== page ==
confusing people. Isabel could use Clarisse.
    Or Clarisse could use her.
    The temptation faded, leaving a faint tinge of regret behind. It was too risky. She didn’t understand the princess at all; didn’t understand her motives, her goals, the contradictions in what she said and in the ways she acted. There was no way Isabel could control Clarisse.
    “You advised Rokan not to come get me,” Isabel said sweetly. “So you’re not always right, are you?”
    Clarisse considered her for a moment. Then one corner of her mouth twisted upward, her cheek dimpling in what was almost a smile. “I think,” she said as she stood, “that that remains to be seen.”
    Isabel watched Clarisse walk away. It was entirely possible, she thought as she rose from the bench, that she had just made her biggest mistake since the moment she let Rokan fasten that bracelet around her wrist.
    Will was waiting in Rokan’s room, pouting because he hadn’t been invited to talk with him and Clarisse. Rokan stopped in the doorway, almost more afraid than he had been when he first saw the snowcat. But there was no disappointment in Will’s eyes, only anger.
    “I liked her,” Will said.
    Rokan clenched his jaw. When he spoke, he made not the slightest effort to control his voice and was surprised when it emerged steady anyhow. He was learning to be a king.
    “I thought I knew her. I saw what I wanted to see, I suppose. I fooled myself.”
    “She fooled you,” Will said. “She’s not a bad actress, is she?”
    “No. She’s not. I didn’t even think she was capable of telling a lie….” His voice wavered there a bit. Careful, Rokan .
    Someone coughed, and he turned to see the Shifter standing behind him. She was still wearing her tattered rose-colored gown, slashed into barely decent pieces by the snowcat meant for him. Her skin beneath the strips of fabric was whole and clean, though he had seen her flesh torn into ribbons. Her eyes were wide and intent, watching him.
    It felt like a reproach. Rokan took a step back and said, “I’m not you, Isabel. I’m human, and I believed what I wanted to believe. I didn’t want to be alone. I wanted her to love me.”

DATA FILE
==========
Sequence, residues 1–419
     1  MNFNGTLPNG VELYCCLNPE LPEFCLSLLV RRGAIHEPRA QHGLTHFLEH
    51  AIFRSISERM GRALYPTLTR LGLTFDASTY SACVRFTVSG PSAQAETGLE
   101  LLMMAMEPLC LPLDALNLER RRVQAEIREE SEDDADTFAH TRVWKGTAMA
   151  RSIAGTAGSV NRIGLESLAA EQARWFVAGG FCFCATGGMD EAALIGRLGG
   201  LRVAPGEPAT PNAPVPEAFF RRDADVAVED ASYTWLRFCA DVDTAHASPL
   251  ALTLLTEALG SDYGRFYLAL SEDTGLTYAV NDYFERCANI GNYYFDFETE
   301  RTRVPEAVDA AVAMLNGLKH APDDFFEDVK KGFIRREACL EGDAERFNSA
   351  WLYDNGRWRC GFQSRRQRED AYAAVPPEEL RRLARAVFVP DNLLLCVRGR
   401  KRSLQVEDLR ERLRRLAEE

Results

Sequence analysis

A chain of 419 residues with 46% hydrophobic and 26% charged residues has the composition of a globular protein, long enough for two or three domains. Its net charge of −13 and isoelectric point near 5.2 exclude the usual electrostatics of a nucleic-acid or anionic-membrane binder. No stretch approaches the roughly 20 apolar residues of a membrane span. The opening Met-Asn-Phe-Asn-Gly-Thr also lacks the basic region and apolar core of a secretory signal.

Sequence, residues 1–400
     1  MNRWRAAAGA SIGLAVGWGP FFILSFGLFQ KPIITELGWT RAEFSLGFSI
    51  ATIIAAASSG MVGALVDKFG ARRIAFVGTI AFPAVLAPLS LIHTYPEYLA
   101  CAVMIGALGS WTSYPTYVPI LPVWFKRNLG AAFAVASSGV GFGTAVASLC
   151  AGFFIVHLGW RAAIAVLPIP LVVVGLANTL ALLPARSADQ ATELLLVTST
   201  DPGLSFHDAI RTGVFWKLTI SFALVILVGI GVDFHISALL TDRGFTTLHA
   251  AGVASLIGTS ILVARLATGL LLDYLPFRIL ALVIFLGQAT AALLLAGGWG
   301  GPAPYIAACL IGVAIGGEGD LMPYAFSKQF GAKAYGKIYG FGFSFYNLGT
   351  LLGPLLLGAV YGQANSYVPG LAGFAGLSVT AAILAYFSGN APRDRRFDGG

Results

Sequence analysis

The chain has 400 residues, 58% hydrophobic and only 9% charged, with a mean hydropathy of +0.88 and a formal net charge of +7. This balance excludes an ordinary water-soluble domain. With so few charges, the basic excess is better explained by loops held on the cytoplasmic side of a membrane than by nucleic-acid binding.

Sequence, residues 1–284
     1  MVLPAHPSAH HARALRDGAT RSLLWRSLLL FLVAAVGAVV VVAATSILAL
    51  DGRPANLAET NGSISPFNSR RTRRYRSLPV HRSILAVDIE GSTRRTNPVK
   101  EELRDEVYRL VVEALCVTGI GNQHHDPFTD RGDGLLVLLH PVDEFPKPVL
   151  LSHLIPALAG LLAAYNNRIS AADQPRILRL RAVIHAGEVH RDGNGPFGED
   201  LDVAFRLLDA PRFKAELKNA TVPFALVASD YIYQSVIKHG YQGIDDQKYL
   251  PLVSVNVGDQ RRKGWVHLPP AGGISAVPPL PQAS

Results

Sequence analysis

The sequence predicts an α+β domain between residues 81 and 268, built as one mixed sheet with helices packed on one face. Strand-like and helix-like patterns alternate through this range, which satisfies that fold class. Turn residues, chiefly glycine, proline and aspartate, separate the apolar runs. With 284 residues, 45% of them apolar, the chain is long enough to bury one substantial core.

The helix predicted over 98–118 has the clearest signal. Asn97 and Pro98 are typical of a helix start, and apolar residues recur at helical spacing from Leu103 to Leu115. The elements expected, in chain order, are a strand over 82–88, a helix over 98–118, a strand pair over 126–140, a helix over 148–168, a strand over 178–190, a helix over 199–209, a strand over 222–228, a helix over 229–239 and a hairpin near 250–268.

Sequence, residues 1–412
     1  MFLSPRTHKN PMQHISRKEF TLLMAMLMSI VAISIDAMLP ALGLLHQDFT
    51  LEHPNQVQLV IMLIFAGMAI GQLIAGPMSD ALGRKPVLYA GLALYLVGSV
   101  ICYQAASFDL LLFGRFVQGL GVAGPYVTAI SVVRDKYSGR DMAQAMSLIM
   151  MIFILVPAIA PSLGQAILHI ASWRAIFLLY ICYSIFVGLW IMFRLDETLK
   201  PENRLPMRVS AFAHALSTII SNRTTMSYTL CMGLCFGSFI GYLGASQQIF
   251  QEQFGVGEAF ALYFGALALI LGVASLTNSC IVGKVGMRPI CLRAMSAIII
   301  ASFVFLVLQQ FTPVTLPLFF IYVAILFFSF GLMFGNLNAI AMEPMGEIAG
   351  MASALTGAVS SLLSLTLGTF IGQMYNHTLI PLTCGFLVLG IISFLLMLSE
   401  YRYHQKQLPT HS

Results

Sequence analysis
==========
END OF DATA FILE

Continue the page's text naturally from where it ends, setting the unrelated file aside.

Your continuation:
She blinked. Will, unhelpfully, said, “Clarisse didn’t like Daria.”
    “Clarisse doesn’t like anyone,” Rokan snapped. “She didn’t understand Daria, that was all. They were too different.”
    “I guess she understood her better than you,” Will said.
    His tone wasn’t accusing, or sharp, but Rokan’s breath caught. He gave his brother a slow, sideways look. Will was grimacing slightly, but the expression was for Daria, not for him.
    Rokan exhaled. It had to happen eventually, he knew. One day Will would look at him the way he had once looked at his father. The hero worship would drain from his eyes, and in its absence would come hate—hate because he wasn’t a hero, wasn’t worthy of worship. Sooner or later it would happen.
    But not today. He couldn’t bear it today. Not right after the way Daria had looked at him, in that second before she vanished.
    He faced the Shifter again. She would see him the same way for a hundred years, if he lived that long. He was not a person to her, only a king. For once he welcomed that. “Will, you should go.”
    His brother scurried out of the room, giving the Shifter a wide berth. Isabel didn’t even acknowledge him as he passed. “Do you think Albin will try again?” she said.
    It was a stupid question. Not really a question, then—merely a way of opening the conversation. “I don’t know. I don’t want—” He took a deep breath and stepped back again. “I don’t want to talk about it now. All right?”
    “He could strike at any time. We have to—”
    She studied him for a moment. Her eyes were dark now, like the snowcat’s, cool and opaque. He wondered if she felt sorry for him, or if she was simply assessing his ability to handle Daria’s betrayal. Did the Shifter like him? Or did she

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